service fees

Because I’m worth it… The service fee debate

There were some interesting findings in research conducted by the University of Pretoria’s Professor Berendien Lubbe and colleagues on service fees. You may recall ASATA asking you for input on the topic recently.

Other than the obvious finding that consumers remain unaware of the value attached to travel agent services, the study makes an interesting suggestion: Differentiate your service fees based on the level of knowledge of consultants, the quality of services rendered and the level of customisation required by the consumer.

The report didn’t survey the end consumer. Rather it looked at agents perceptions of the service fee situation so it does have its limitations, but it remains fascinating that consultants don’t believe consumers value their role in straightforward consultation, whether it be for domestic or international travel. Consumers don’t necessarily understand the value of time saved and specialist knowledge provided by agents.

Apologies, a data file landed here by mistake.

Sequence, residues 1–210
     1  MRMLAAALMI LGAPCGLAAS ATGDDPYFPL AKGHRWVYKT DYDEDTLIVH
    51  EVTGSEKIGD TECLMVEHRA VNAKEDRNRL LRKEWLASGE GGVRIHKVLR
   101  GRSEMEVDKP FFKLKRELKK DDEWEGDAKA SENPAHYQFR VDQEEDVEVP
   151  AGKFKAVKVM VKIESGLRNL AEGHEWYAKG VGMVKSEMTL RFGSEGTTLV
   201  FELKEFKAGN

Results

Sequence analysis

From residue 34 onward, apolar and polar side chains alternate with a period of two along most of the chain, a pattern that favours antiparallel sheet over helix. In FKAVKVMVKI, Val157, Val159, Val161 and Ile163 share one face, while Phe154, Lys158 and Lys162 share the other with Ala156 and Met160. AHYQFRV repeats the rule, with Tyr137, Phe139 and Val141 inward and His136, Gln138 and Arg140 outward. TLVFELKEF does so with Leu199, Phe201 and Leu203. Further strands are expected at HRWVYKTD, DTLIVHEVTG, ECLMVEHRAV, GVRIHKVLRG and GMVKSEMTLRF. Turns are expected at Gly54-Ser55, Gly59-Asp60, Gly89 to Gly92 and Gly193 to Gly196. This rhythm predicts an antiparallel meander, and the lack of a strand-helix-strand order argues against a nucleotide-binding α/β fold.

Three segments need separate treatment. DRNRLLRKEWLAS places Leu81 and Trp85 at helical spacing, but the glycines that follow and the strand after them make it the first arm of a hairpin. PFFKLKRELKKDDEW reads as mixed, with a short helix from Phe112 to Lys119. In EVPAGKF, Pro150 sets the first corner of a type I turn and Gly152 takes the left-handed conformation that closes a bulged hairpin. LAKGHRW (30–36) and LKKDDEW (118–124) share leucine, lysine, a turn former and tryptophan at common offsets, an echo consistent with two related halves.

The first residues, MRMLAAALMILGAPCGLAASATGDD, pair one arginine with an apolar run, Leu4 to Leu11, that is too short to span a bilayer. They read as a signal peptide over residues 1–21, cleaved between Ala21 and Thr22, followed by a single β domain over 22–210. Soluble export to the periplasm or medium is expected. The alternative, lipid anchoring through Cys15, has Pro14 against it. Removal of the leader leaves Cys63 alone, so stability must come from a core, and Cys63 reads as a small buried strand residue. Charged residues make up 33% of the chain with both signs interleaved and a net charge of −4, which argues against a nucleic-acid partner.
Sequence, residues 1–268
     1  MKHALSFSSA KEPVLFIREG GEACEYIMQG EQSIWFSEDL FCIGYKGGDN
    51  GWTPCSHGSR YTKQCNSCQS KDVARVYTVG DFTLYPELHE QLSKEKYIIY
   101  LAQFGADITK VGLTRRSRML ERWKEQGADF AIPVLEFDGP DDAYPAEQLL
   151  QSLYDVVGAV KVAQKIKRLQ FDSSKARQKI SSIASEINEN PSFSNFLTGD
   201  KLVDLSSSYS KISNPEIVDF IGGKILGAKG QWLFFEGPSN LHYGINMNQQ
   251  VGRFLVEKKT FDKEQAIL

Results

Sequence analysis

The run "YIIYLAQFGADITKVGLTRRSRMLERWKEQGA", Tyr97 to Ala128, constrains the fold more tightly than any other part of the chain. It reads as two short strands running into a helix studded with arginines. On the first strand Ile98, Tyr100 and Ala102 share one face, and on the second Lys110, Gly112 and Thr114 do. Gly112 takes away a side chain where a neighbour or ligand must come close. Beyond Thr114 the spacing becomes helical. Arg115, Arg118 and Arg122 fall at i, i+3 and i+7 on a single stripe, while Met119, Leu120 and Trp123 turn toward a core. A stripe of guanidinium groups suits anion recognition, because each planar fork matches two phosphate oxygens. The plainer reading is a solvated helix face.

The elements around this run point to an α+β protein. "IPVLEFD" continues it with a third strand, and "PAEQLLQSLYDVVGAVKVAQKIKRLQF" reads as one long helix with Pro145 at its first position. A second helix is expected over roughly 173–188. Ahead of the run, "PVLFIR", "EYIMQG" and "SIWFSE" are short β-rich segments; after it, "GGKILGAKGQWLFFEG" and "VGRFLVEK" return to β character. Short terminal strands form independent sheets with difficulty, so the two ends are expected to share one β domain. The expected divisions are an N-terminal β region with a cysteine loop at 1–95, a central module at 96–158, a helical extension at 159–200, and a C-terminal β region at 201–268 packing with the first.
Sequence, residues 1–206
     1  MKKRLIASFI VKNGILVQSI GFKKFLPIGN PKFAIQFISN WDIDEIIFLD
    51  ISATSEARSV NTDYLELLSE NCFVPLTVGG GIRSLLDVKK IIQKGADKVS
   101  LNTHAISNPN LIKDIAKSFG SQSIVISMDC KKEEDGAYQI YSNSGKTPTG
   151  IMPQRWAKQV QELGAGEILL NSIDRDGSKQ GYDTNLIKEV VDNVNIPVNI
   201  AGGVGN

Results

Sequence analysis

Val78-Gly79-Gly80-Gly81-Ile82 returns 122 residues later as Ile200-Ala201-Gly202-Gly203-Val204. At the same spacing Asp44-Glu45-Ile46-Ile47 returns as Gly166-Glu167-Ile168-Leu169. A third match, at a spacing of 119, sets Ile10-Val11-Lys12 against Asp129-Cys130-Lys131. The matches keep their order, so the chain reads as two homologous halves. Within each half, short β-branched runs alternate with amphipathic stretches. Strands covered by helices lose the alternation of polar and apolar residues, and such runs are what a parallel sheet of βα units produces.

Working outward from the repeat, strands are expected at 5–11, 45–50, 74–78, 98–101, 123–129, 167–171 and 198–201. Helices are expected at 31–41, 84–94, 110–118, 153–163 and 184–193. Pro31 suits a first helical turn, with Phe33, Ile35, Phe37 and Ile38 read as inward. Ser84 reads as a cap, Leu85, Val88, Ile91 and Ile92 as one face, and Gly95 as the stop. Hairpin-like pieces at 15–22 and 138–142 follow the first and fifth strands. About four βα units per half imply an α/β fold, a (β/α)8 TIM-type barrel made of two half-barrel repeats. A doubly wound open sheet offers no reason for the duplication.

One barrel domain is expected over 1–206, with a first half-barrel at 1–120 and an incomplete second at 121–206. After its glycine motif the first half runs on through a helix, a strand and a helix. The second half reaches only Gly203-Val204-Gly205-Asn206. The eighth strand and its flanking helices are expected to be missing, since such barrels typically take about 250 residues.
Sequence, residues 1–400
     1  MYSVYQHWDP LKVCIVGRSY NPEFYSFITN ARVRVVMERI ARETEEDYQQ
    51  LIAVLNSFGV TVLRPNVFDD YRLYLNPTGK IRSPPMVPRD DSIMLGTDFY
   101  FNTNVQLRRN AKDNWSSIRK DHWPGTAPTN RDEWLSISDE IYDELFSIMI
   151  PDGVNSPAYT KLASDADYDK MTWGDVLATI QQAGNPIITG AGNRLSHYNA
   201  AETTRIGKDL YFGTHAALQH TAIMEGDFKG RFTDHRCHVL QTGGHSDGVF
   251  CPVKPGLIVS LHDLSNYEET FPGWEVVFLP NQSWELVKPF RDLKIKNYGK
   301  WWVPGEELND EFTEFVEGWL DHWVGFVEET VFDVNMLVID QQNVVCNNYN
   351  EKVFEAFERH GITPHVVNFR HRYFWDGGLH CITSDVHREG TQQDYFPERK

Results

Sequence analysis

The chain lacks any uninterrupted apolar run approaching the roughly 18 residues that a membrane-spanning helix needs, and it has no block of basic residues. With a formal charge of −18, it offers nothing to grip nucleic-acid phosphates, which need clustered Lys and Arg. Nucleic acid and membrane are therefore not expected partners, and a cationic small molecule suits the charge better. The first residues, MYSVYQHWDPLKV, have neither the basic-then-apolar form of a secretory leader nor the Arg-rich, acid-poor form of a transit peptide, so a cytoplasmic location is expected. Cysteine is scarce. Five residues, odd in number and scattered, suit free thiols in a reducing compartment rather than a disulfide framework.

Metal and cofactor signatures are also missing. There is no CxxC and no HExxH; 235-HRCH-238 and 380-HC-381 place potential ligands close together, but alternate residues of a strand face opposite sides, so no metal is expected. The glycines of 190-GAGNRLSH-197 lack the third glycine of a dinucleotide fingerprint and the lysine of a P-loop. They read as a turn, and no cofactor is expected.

Ironic when you consider we keep getting told agents need to reinvent themselves and become ‘consultants’ providing expert knowledge of destinations, value-added quality service and cater for customised needs.

The agents who took part in the survey ASATA sent out on behalf of the University of Pretoria apparently believe consumers value and are willing to pay for the traditional services of assisting with visa arrangements, group bookings and issuing flight documents.

The report also profiles the type of customer more willing to pay for travel agency services: men more often than women, between the ages of 35 and 55 years, falling within the categories of highly qualified and higher levels of information.

Interestingly, only about half of the agents who participated in the study, said they explain to customers why certain fees are charged, which could point to the unwillingness of consumers to pay service fees.

The report advocates informing your customer about the value of the service you provide and advises owners to solicit input from their consultants when structuring service fees because they are the main contact point between the travel agency and the customer.

Finally, the report cites the three greatest challenges to determining what service fees are charged: Assessing the indirect cost of a service to the travel agency; assessing the cost of the time spent with a customer and assessing the prices that competitors charge for similar services.